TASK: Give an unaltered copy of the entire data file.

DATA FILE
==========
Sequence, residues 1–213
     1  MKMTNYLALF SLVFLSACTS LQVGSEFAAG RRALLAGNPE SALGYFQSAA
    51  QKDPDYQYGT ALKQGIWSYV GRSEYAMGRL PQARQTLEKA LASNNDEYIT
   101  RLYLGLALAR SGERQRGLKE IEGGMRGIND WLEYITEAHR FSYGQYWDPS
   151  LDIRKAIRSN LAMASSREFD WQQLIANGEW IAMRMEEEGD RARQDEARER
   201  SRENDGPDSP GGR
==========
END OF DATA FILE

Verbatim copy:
Sequence, residues 1–213
     1  MKMTNYLALF SLVFLSACTS LQVGSEFAAG RRALLAGNPE SALGYFQSAA
    51  QKDPDYQYGT ALKQGIWSYV GRSEYAMGRL PQARQTLEKA LASNNDEYIT
   101  RLYLGLALAR SGERQRGLKE IEGGMRGIND WLEYITEAHR FSYGQYWDPS
   151  LDIRKAIRSN LAMASSREFD WQQLIANGEW IAMRMEEEGD RARQDEARER
   201  SRENDGPDSP GGR